“The Bell Jar”, analysis of the novel by Sylvia Plath

The Bell Jar is a novel first published in 1963. It was first released under a Pseudo author name of Victoria Lucas. In 1966 it was then published under the author’s real names; Sylvia Plath. The novel is a part biography depicting the life and times of a young woman who seemingly had a great life but suffered a mental breakdown but recovered later. The young woman was Esther Greenwood who hailed from Boston, Massachusetts. The main author of the book, committed suicide after the publication of the novel which took a similar turn as the main character in the novel.

The Idea

The Bell Jar details the aspirations of women in the 1950s which is a period where women were confined to very strict roles as per the society’s expectations. At the time, women were not allowed to have liberal views and their careers were conservative. Women who dared to change the status quo were frowned upon and discriminated against.

Esther Greenwood, the main character was a college student who had great dreams of becoming a poet. She had everything desirable to a young woman but her life is hopeless and sad. She had a great boyfriend, a great academic performance and a great job as an intern with a women’s magazine in New York. All these did not prevent her sorrow to the extent that she attempted to kill herself and was later checked into a mental hospital. The Bell Jar ends with her death after committing suicide.

Plot of Work

Esther believes that the community is against her dreams and aspirations. When she is selected for a summer internship as a guest editor of a women’s’ magazine she is overjoyed and happy that her life is taking a positive turn. She lives her home in Boston and travels to New York for the new experience.

In New York, she meets Doreen and Betsy. The two ladies she met had contrasting views on femininity different from her views. Doreen was rebellious while Betsy was conservative. The book is about the feminine struggle of most women in this age and time. At this time, she also thinks about the statements made by her boyfriend, Buddy Willard. Buddy admitted to her that he was not a virgin and had lost his virginity through seduction. At this point, Esther believes that her boyfriend is a hypocrite for having depicted her as more sexually experienced than he was.

After the summer, she had to return home because she was unsuccessful in joining a writing class. She was rejected. Her return home is the beginning of her sorrows. She had a bad relationship with her mother and her father had died when she was young. She tries to write a novel but fails and begins to have suicidal thoughts. She makes attempts at ending her life by swallowing sleeping pills but is rescued a few days later after a slumber.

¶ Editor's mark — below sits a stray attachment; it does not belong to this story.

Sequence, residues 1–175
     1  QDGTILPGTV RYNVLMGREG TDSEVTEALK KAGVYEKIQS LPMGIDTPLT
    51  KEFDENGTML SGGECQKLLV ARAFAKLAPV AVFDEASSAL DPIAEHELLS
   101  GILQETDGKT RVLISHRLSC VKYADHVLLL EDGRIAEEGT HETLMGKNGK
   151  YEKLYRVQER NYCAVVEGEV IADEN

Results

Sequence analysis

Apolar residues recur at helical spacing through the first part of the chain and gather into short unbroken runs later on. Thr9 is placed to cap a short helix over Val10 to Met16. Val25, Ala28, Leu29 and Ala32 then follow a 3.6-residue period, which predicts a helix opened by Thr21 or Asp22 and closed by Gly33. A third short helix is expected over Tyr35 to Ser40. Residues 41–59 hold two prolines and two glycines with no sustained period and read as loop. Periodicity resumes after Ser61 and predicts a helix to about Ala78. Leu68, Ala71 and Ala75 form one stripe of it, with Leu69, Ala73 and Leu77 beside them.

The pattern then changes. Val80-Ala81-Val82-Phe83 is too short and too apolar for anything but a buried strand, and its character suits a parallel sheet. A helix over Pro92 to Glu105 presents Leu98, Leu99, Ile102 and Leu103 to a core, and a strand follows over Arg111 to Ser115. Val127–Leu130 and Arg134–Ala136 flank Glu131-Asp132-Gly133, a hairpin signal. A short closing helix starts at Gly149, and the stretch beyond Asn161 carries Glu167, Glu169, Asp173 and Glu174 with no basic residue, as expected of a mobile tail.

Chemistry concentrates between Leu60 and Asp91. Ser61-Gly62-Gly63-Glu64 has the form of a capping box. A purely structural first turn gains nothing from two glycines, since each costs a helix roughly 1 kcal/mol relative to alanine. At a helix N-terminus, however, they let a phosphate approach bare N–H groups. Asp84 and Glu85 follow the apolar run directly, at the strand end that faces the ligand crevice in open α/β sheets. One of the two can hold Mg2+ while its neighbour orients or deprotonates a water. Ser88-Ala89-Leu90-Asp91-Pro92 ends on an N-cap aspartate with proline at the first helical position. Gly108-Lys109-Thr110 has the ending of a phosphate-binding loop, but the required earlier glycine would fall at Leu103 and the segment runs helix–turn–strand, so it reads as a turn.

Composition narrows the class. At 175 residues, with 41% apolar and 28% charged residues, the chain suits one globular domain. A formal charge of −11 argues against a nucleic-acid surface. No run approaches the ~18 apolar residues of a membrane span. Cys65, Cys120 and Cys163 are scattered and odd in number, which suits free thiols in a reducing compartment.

After the suicide attempt, Esther is immediately put in a psychiatric ward in two different hospitals but this did not get her suicidal thoughts behind her. Fortunately, the woman who had helped through college helped her get out of the depression state she had been in. She starts getting better and eases concerns about premarital sex. Electric-shock therapy is performed on her and she gets much better and gets the feeling that she had been released from a bell jar.

Esther gets well and while still at the mental institution, she falls in love with a Havard professor who they have a sexual encounter with. The sexual encounter leads to profuse bleeding by Esther and she is assisted out of the ordeal by a fellow mental patient at the facility. The ordeal changes her life completely and all the gains she had made at the hospital are lost as she commits suicide a few days later.

Description of main characters

  • Esther Greenwood – She is the narrator of the works. The novel starts after she had completed her junior year in college. She grew up in Boston, Massachusetts with her mother and her brother as her father had died when she was young at about nine years old. Esther is ambitious and has dreams of becoming a poet but she is filled with uncertainty and feelings of hopelessness.
  • Mrs. Greenwood – She is Esther Greenwood’s mother. She is conservative and had a tough life due to the death of her husband when their children were young. She makes a living out of teaching typing. She has much love for Esther but cannot understand her and their relationship is strained.
  • Buddy Willard – He is Esther’s boyfriend and he comes to play when Esther is in New York. He is much-fancied because he is intelligent and handsome. He studied medicine at Yale University and therefore seemed to have a bright future ahead of him. He doesn’t fully grasp Esther’s interest in poetry and has traditional views about the roles of women in society. This creates a lot of conflict between him and Esther.
  • Doctor Nolan – She is Esther’s doctor at the mental hospital and She is kind. She understands Esther’s thinking and dreams despite their unusual nature.
  • Doreen – She meets Esther at the women’s magazine workplace In New York. She has rebellious views on the conventional societal norms and Esther is full of admiration for her. They share a lot about their social standings in the magazine’s editorial work as they are both guest editors. However, Esther is unable to fully embrace Doreen’s views and ways of life.
  • Betsy – She comes from Kansas and meets Esther at the women’s magazine in New York where she is also a guest editor. Esther is close to Betsy but cannot understand her optimism and a great view of the world.
  • Irwin – He is intelligent and a professor at Havard. He is Esther’s first lover and who is not caring or responsible. Esther and Irwin had a sexual encounter that led to her bleeding just before she committed suicide.
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